For the tree care professional, trees that have been damaged by storms are often the most difficult and dangerous to cut. They are unpredictable and should only be tackled by experienced and skilled tree cutters.

After a spate of severe storms in Michigan earlier this week, many homeowners were left with damaged trees. Dr. Bert Cregg, of The University of Michigan Extension published this guide with advice for dealing with storm damaged trees. While the checklist is targeted to homeowners, it also is full of information beneficial to professionals.

 Whether the tree is hung-up in another tree or completely uprooted, there is a whole new set of safety concerns for arborists and tree care professionals to consider.

To read the full article from Michigan State, click here:

Thunderstorms on Sunday night (Aug. 2, 2015) produced heavy wind gusts, which resulted in widespread damage to trees throughout Lower Michigan. Many homeowners are faced with downed or damaged trees and a frequent question is what to do with storm-damaged trees. Damage to trees following high winds and heavy rains can range from a few downed limbs to complete up-rooting.

In some cases the decision of what to do with a damaged tree is obvious, but often the decision of whether to try to keep a tree can be difficult. When assessing storm damaged trees, Michigan State University Extension reminds homeowners:

  • Safety first! Downed trees and large limbs are often unstable and can move or pivot unexpectedly. Look for hanging, broken limbs that can drop from overhead. If you are unsure if you can work around a tree safely or if a tree is near utilities, structures, cars or people, contact a professional arborist to ensure a safe removal. Professional arborists are specifically trained in tree inspection and removal. The International Society of Arboriculture has a “Find an Arborist” feature on its website or look for certified arborists in the yellow pages.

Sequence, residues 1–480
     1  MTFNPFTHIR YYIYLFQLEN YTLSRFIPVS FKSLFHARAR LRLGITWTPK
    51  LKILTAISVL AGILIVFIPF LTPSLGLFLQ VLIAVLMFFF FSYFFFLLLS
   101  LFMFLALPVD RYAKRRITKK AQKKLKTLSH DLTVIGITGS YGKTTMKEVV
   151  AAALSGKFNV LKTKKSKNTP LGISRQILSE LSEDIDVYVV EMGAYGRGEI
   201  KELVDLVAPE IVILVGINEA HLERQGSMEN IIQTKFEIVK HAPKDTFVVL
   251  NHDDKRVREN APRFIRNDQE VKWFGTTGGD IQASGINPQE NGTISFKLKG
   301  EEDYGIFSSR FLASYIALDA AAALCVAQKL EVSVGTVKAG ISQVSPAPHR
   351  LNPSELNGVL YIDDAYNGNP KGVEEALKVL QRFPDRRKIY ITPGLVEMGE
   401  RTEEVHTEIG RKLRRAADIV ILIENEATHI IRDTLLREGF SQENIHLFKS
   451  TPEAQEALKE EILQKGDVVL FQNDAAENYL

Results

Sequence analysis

• Beware of “doorknockers.” Homeowners in storm-damaged areas may be approached by individuals offering to remove downed or damaged trees. Unlike professional arborists, these doorknockers do not have the specific training and expertise to work around dangerous trees or power lines and may not be insured.
  • Tree damage often reflects pre-exiting tree problems. Limbs or trees that come down in thunderstorms often have underlying defects that caused them to fail. Some examples include fungal decay, previous damage or poor root structure. If a tree loses a limb during a storm because of decay, it’s possible other parts of the tree may have similar problems.
  • Does the damage make the tree a future hazard? Trees that lose major limbs may become unstable and may become prone to fail in the next storm.
  • Is the tree near any “targets?” In assessing hazardous trees, arborists look at targets – what will the tree or limb hit if it falls? Damaged trees located in native woodlots or windbreaks are likely to be less of a concern than a tree that overhangs a house or car-port.
  • What is the overall condition of the tree? The National Arbor Day Foundation has an online illustrated a guide, Can these trees be saved?, that can help homeowners perform an initial assessment of their damaged trees.


This article was originally published by Dr. Bert Cregg of  Michigan State University Extension.